Shining New Light on Alzheimer’s, Parkinson’s & Other Brain Disorders

Marvin Berman, for the Shuttle

Views expressed in this article are those of the author, not necessarily the Health & Wellness Committee, and are not a substitute for talking to your own doctor.

There is good news on the horizon about how people can think about memory loss and dementia, including Alzheimer’s disease, which leads to eventual global loss of cognitive functioning and control of our most basic physical functions. 

In the developed world, fear relating to memory loss has become greater than concerns about being diagnosed with cancer. Treatments now exist for many forms of cancer; life expectancy with cancer has improved dramatically. Meanwhile, there is no drug therapy now available that can stop, let alone reverse, dementia.

Some clinicians and researchers are questioning the assumption that dementia is a disease with a single cause, like polio, that can be cured with a single therapy. They see neurodegenerative diseases as systemic in nature and therefore needing to be treated by evaluating and re-establishing the healthy balance within our brain-body-mind system.

Research by doctors practicing functional medicine, i.e., treating root causes rather than symptoms, like Dr. Dale Bredesen, director of the Buck Institute at UCLA, shows that “Alzheimer’s disease stems from an imbalance in nerve-cell signaling: In the normal brain, specific signals foster nerve connections and memory making, while balancing signals support memory breaking, allowing irrelevant information to be forgotten. But in Alzheimer’s disease, the balance of these opposing signals is disturbed, nerve connections are suppressed and memories are lost.”

Studies evaluating cell signaling are prompting doctors to share with their dementia patients the possibility that they can stop and reverse the cognitive decline, especially in the early stages. They believe it is possible to repair damage to the central nervous system by lifestyle changes, especially diet and exercise, and increasing brain blood flow, reducing inflammation and normalizing brain electrical activity patterns.

Another promising development arises from a 2017 study on people with dementia by Anita Saltmarche and colleagues using the Vielight Neuro Gamma, a commercially available transcranial and intranasal infrared-light stimulation device. Results showed positive response in tests of both short- and long term memory in subjects who completed 12 weeks of five once-a-day stimulation sessions. 

Similarly, Quietmind Foundation, a nonprofit applied clinical-research and neuropsychiatric health-care clinic in Elkins Park, has been studying the application of brainwave biofeedback training and near-infrared light therapy using light-emitting diodes to effect changes in brain signaling, mood and quality of life. Our most recent randomized, double-blind, placebo-controlled clinical trial of intensive home-based infrared light therapy involved 12 people using the stimulation device over 28 consecutive days. Subjects’ brain-wave activity and cognitive functioning were tested at the beginning, middle and end of the treatment process. All subjects had been diagnosed with early- to mid-stage probable Alzheimer’s and some were also diagnosed with Parkinson’s disease. Preliminary findings showed significant improvements on short- and longer-term memory tests, processing speed and reported improvement in mood, verbal communication, sleep quality and appetite. The subjects reported no negative effects.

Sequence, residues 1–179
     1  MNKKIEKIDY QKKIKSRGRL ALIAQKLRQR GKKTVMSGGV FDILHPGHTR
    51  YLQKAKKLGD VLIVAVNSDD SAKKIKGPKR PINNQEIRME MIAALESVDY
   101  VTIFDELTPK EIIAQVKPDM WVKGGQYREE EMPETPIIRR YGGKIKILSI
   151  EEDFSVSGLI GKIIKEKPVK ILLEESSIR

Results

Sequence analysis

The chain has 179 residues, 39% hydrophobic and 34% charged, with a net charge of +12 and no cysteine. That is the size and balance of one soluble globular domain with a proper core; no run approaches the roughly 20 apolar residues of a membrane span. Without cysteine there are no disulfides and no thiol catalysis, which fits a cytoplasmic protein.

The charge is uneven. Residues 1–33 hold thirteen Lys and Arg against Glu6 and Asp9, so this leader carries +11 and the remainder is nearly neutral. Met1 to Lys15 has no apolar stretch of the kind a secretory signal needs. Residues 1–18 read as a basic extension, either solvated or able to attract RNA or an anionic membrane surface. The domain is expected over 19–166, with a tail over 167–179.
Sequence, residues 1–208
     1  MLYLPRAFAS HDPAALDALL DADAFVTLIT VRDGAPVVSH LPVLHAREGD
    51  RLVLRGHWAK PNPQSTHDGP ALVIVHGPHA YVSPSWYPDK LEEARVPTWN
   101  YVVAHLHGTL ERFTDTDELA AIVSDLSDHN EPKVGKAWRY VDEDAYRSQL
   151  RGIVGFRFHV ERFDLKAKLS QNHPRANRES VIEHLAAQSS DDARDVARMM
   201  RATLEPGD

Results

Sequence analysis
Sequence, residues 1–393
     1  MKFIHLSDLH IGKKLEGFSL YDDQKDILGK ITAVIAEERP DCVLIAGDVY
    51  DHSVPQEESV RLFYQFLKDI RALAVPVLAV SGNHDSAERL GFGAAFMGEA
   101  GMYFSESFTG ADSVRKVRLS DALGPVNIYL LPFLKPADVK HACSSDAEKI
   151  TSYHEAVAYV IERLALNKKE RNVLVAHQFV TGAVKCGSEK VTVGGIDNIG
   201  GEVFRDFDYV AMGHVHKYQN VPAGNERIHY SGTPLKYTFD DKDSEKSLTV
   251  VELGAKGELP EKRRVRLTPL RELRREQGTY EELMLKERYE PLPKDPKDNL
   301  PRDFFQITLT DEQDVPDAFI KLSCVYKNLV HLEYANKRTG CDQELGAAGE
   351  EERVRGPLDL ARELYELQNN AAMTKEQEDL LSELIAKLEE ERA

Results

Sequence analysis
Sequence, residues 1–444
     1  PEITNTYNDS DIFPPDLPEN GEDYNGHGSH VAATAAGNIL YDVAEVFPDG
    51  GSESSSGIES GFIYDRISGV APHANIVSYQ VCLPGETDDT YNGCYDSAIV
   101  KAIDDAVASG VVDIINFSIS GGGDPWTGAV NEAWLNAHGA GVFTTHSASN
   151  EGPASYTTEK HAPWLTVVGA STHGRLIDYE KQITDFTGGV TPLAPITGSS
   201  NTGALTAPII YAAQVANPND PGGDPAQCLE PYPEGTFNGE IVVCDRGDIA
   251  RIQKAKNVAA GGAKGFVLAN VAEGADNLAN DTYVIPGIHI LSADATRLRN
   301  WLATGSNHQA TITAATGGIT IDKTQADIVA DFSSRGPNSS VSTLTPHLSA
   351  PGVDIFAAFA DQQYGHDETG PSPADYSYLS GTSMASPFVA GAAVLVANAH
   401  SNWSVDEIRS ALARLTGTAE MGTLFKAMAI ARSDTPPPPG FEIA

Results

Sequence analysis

It is hoped that findings from these pilot studies will persuade the institutional monitoring committees responsible for human-research safety, scientific merit and ethical-treatment monitoring to approve a proposal to expand the sample size in a future study.

Meanwhile, such findings lend support to our recognizing dementia and other neurodegenerative conditions as being treatable, although it may involve making significant lifestyle changes. It should also encourage those with early stage dementia to become more proactive about their health and to take action to protect their memory.

Marvin Berman is founder and president of Quietmind Foundation, which offers comprehensive neuropsychiatric and neurological consultation and treatment to help people of all ages with mood, memory, movement and learning difficulties. Several free clinical trials are under way for older adults with age-related memory difficulties and for those diagnosed with Parkinson’s disease. Visit for more information.